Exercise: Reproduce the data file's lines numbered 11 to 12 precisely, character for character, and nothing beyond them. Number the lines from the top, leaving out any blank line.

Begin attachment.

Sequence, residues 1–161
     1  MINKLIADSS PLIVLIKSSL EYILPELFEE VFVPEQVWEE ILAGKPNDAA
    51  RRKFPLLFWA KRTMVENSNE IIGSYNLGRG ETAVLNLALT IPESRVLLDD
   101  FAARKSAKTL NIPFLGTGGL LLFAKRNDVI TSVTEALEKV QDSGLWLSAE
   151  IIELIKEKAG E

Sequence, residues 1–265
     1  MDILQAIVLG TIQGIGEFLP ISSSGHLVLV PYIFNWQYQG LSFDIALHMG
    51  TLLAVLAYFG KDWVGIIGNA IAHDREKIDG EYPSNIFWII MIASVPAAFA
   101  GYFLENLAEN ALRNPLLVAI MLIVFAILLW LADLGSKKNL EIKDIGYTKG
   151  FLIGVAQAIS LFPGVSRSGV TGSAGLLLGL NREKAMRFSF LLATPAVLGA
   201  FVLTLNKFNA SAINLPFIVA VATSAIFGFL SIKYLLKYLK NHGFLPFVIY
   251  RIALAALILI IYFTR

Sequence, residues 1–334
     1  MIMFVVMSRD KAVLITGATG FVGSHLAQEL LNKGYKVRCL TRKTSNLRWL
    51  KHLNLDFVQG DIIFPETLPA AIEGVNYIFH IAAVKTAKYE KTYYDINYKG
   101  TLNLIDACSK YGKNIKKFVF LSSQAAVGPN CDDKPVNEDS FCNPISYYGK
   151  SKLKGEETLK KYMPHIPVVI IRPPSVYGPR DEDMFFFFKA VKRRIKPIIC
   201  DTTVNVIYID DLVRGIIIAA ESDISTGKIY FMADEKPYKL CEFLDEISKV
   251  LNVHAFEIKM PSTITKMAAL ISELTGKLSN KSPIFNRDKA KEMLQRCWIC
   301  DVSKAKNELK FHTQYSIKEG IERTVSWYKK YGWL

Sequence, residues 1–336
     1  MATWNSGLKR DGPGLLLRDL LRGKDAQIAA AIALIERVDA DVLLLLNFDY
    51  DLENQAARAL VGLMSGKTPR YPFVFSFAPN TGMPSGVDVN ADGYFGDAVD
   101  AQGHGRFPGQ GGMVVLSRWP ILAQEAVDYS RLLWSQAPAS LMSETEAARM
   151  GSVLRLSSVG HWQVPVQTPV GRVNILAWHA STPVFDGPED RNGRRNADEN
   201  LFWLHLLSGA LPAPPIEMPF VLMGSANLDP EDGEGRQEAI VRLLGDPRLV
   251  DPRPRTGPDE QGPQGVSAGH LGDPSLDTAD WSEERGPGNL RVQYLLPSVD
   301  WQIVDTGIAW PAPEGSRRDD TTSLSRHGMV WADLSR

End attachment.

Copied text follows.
   201  FVLTLNKFNA SAINLPFIVA VATSAIFGFL SIKYLLKYLK NHGFLPFVIY
   251  RIALAALILI IYFTR